presentation by Michinao Hashimoto, Singapore University of Technology and Design at ONLINE 3D Food Printing Conference (November 26, 14:30 – 18:30 CET). REGISTER HERE to attend
3D printing of food has been achieved by various methods of fabrication including selective laser sintering (SLS) and hot-melt extrusion. However, these methods are not always suitable to create 3D models of temperature-sensitive food because they require high temperatures for processing.
Continue reading “Direct Ink Writing (DIW) 3D Printing of Rheology-modified Food Inks”
Press release Paris, October 29, 2020
Cakewalk3d will democratize culinary 3D printing
Kickstarter order deliveries start on December 2020!
Continue reading “Press release: Cakewalk3d will democratize culinary 3D printing”
by Nina Hoff, CEO and co-founder of byFlow
3D Food Printing is a technology that is out there since 2006. Since then, not only the technology but also the applications have evolved.
Continue reading “The secrets of 3D Food Printing disclosed”
by Dan Rubinsky, RS3Dprints Inc.
This presentation focuses on new technology to scale the production of alternative meat products to an industrial output level using cryolithographic parallel 3D printing technology.
Continue reading “Mass production of 3D printed alternative meats”
by Antien Zuidberg, Professor Design Methods for Food at HAS University of Applied Sciences
Antien Zuidberg presents her view and research on 3D Food Printing. Another JakajimaTV talk with host Pieter Hermans.
Continue reading “Transition in 3D Food Printing”
Interview with Gavin Bown, Vice President – Global R&D, Barry Callebaut Group for JakajimaTV
Mona Lisa, the global decoration brand of The Barry Callebaut Group is the first brand to launch personalized 3D printed chocolate at scale, made from Belgian chocolate. The move revolutionizes the world of chocolate craft by combining industry-leading production technology, bespoke design and Barry Callebaut’s chocolate expertise – allowing chefs to craft their own unique creations and reproduce them rapidly and affordably, no matter how intricate or specific the design.
Continue reading “Mona Lisa, world’s first personalized 3D printed chocolate brand (VIDEO)”
by Marine Coré Baillais, Digital Patisserie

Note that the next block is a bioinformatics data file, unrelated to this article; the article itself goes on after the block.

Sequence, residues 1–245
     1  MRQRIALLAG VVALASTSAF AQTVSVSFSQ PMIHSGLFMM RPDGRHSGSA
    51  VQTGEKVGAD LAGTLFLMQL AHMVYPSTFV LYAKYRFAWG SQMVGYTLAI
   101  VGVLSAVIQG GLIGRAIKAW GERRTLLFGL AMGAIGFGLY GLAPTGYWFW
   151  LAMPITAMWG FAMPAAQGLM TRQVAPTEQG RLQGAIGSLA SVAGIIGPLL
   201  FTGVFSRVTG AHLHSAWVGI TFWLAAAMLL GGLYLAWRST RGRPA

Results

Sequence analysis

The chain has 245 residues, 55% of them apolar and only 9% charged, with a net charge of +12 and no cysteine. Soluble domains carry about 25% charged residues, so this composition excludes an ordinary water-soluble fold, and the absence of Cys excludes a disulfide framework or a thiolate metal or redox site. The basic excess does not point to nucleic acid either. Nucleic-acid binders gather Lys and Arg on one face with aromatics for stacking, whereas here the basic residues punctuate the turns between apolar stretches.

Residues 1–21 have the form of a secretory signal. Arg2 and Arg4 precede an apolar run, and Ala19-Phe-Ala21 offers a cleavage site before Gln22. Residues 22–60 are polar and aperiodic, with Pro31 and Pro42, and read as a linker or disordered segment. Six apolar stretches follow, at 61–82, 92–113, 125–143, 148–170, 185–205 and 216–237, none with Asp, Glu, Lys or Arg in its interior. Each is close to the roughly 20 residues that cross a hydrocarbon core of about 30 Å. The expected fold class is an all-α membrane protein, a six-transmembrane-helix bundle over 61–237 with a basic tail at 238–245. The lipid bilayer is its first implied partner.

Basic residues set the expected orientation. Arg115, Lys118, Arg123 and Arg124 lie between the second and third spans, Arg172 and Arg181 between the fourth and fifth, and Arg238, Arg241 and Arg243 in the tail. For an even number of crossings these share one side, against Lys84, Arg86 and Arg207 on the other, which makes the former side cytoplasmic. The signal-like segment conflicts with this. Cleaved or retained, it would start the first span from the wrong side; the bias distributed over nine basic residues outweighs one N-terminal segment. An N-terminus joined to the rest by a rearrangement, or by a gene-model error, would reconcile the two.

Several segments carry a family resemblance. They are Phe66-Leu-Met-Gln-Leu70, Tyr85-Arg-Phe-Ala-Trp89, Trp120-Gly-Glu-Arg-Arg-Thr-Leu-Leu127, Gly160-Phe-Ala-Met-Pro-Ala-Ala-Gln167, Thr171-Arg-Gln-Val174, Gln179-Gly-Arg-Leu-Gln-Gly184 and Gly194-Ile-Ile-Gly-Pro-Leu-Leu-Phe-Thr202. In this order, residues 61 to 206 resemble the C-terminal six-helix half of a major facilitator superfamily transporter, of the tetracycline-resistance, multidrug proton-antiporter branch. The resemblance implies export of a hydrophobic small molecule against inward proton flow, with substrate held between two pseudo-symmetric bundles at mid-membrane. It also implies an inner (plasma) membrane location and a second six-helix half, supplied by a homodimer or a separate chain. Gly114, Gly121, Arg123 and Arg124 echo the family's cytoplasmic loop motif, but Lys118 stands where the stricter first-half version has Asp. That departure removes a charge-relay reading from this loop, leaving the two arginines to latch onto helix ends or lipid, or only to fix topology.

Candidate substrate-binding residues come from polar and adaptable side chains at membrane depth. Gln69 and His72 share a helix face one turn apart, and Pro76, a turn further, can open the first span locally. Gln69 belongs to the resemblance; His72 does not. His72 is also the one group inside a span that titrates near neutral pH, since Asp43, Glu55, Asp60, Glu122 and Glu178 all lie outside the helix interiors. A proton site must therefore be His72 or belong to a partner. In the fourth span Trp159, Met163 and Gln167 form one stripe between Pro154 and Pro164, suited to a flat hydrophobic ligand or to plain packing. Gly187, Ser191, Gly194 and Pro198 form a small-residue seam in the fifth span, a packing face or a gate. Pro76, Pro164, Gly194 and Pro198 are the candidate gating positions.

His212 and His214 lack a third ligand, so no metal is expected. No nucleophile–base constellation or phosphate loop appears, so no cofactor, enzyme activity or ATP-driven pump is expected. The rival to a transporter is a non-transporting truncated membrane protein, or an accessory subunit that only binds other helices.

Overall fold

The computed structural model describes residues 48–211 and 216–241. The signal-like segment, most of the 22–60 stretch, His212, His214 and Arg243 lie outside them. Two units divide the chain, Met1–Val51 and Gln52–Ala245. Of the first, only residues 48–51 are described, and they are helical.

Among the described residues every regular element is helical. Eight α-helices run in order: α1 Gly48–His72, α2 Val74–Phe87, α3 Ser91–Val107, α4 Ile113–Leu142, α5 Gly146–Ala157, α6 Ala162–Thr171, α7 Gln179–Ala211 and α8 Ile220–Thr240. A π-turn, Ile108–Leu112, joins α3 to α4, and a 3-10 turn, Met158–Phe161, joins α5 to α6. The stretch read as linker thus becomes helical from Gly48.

As former Deputy CEO of Sculpteo, a well-known online 3D printing service, I came to Food printing with convictions and some bias. I’ll try to modestly explain how my background and my experience as a pastry chef has lead me to create the Digital Patisserie.
Continue reading “From Polymer to upcycling : an unexpected journey in 3D Food Printing”
by Gaia Di Martino, Hochschule Ruhr West
Nowadays more and more people are intrigued by 3D food printing; but most of the 3D printers for food require a certain practical experience to be used at their best. On top of that, often these machines are hard and time consuming to be cleaned. This is how the idea of a new 3D printer was born: a machine that combines the perks of a greater automation of a control system and the cleanliness of a new concept for the printing head. A cleaner and more hygienic 3D printer for food that can be used by anyone, no matter the level of expertise.
Continue reading “Cook.3D: a new food 3D printing approach”
Labiotech.eu is media partner of 3D Food Printing Conference 2020
Labiotech.eu is the leading digital media covering the European biotech industry. Over 150,000 monthly visitors use it to keep an eye on the business and innovations in biotechnology. The company’s mission is to build the “Next Generation of Digital Media for Biotech”.
Continue reading “3D Food Printing Conference welcomes Labiotech.eu as Media Partner”
by Marco Morgenstern, New Zealand Institute for Plant & Food Research
3D food printing offers potential for building a variety of food structures in a highly controlled way. Multiple materials with different consistency, flavour or colour can be included and distributed accurately in a food sample.
Texture and flavour perception of food is largely determined by physical processes in the mouth during eating. The way structures in the food are broken down depends on physiological factors, such as saliva secretion or dental status, but also on the mechanical properties of the food. Models exist to describe this breakdown and predict particle size distributions and flavour release during mastication.
Continue reading “3D food printing as a tool for flavour release modelling”